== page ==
Ice Age Trail

From Wikipedia, the free encyclopedia
Jump to: navigation, search
For the trail of the same name in Germany, see Tiefwarensee Ice Age Trail.
Ice Age Trail
IATWoodLake.jpg
The Ice Age Trail's Wood Lake segment in Taylor County
Length 600 miles (970 km) completed
1,200 miles (1,900 km) planned
Location Wisconsin, United States
Designation National Scenic Trail
Trailheads Potawatomi State Park, Door County, Wisconsin
Interstate State Park near St. Croix Falls, Wisconsin
Use Hiking, Snowshoeing
Elevation
Highest point Lookout Mountain, Lincoln County, 1,920 ft (590 m)
Lowest point Lakeshore of Lake Michigan, 580 ft (180 m)
Hiking details
Trail difficulty Easy to moderate, varies by location
Months Year-round, subject to weather conditions
Sights Glacial landforms

The Ice Age Trail is a National Scenic Trail stretching 1,000 miles (1,600 km) in the state of Wisconsin in the United States.[1] The trail is administered by the National Park Service,[2] and is constructed and maintained by private and public agencies including the Ice Age Trail Alliance, a non-profit member- and volunteer-based organization with 21 local chapters.[3]

Route[edit]

Route of the Ice Age Trail

The trail roughly follows the location of the terminal moraine from the last Ice Age. As the route traverses the moraine, it sometimes meanders into areas west of the moraine, including the Driftless Area in southwestern Wisconsin. The trail passes through 30 of Wisconsin's 72 counties, from the northwestern part of the state to the Lake Michigan shoreline in the east.[4] The western end of the trail is at Interstate State Park along the St. Croix River, which is the border between northwestern Wisconsin and eastern Minnesota. The eastern terminus of the Ice Age Trail lies at Potawatomi State Park, along Wisconsin's Door Peninsula off of Sturgeon Bay. Along its route, the trail crosses numerous local parks, state parks and forests, state wildlife and natural areas, and the Chequamegon-Nicolet National Forest. The trail often coincides with other trails within various county and municipal parks. It passes through the land of various owners, including the Wisconsin Department of Natural Resources, the Ice Age Trail Alliance, and hundreds of private citizens.[5] As of 2014, the trail was 1,197.7 miles (1,927.5 km) long. At one point, the trail separates into two just north of Devil's Lake State Park. The western portion of trail, 92 miles (148 km) in length, is referred to as the Western Bifurcation. The Western Bifurcation consists mostly of proposed trail sections (though several miles of established trail do exist). The Western Bifurcation is rejoined by its ~75 mile eastern counterpart near the town of Coloma. Though the eastern portion of the trail is more readily developed than its western counterpart, both are officially recognized portions of the Ice Age Trail and should be hiked as such. As of 2008, the trail consisted of the following: 467 miles (752 km) being traditional hiking paths, 103.2 miles (166.1 km) being multi-use trails, and 529.3 miles being connecting roads and sidewalks.[5]

The Ice Age Trail is also host to one of only two designated national side trails, the Timms Hill National Trail.[6] National Side Trails are national trails established by the National Trails System Act. The ten-mile Timms Hill Trail connects the Ice Age Trail with Timms Hill, Wisconsin's highest point, which is located in Price County.[7]

History[edit]

A creek along the Monches segment in Waukesha County

The Ice Age Trail was established by Act of Congress in 1980, in large part as a result of the efforts of Wisconsin Congressman Henry S. Reuss, who in 1976 authored the book On the Trail of the Ice Age. The Trail's origins, however, date to the 1950s with the dream of Milwaukee native Ray Zillmer, who in 1958 founded the Ice Age Park & Trail Foundation (now the Ice Age Trail Alliance, Inc.) with the goal of establishing a National Park in Wisconsin running the route of the last glaciation.[8] According to Reuss's book, the first person to backpack the entire length of the Ice Age Trail was 20-year-old James J. Staudacher of Shorewood, Wisconsin during the summer of 1979.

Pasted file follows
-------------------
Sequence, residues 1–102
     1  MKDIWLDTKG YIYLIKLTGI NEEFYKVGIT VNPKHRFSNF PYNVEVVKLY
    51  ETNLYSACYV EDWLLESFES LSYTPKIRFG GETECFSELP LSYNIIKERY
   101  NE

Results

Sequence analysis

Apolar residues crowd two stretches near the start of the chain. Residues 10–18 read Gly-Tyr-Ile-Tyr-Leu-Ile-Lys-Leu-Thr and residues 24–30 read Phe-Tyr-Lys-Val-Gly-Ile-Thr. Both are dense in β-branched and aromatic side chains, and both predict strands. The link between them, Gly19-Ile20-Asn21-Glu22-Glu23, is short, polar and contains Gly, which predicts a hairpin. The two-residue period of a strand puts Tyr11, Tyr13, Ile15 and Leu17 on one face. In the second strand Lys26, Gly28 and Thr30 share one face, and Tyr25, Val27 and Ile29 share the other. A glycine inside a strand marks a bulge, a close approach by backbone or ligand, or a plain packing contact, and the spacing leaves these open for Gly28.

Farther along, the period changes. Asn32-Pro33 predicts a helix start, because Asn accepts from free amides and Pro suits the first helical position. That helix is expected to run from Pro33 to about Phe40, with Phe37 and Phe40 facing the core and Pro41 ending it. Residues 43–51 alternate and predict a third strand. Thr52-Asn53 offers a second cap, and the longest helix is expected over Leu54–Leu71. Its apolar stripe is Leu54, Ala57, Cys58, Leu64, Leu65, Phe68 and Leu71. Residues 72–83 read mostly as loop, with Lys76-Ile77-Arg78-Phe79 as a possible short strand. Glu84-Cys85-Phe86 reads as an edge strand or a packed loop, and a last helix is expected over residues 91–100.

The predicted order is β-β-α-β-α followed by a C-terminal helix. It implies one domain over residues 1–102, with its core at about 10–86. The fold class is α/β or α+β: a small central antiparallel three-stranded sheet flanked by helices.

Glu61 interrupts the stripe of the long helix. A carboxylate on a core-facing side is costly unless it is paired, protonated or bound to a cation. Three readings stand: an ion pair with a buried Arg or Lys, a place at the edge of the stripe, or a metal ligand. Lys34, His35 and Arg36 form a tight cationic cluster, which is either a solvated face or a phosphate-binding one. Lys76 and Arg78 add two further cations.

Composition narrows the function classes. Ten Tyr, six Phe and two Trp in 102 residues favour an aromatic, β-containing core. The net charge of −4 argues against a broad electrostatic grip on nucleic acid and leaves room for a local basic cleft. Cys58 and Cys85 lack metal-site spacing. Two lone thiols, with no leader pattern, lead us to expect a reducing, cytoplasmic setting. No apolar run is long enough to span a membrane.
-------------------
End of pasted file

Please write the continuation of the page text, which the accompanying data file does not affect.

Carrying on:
Use[edit]

The trail is open primarily to hiking, although other activities are allowed where the trail follows other existing routes. Although the trail is divided into shorter segments, there are numerous opportunities for longer-distance backpacking trips, with camping opportunities including shelters in both units of the Kettle Moraine State Forest. Several trail chapters offer awards for completing all segments within their jurisdiction, and the Alliance also has a "cold cache" program to encourage hikers to seek out glacial features along the trail using GPS receivers.

Sights along the trail[edit]

Primary attractions include topography left by glaciation in the Last Ice Age. Glacial features along the trail include kettles, potholes, eskers, and glacial erratics. Many of the best examples of glacial features in Wisconsin are exhibited in units of the Ice Age National Scientific Reserve, many of which lie along the trail.

Numerous species of mammals can be seen along the trail, including red fox, American red squirrel, white-tailed deer, porcupine, black bear and grey wolf. Birds seen along the southern part of the trail include the Acadian flycatcher, Henslow's sparrow, red-headed woodpecker or hooded warbler, while further north white-throated sparrows, ruffed grouse and bald eagles become more common.

Hikers on northern segments of the trail are more likely to spot mammals like black bears, grey wolves or porcupines, such as this one in Lincoln County's New Wood State Wildlife Area

Gallery[edit]

See also[edit]

Stages
Components

References[edit]

Further reading[edit]

Ice Age Trail Alliance. Ice Age Trail Atlas. Ice Age Trail Alliance. Ice Age Trail Companion Guide 2011.

External links[edit]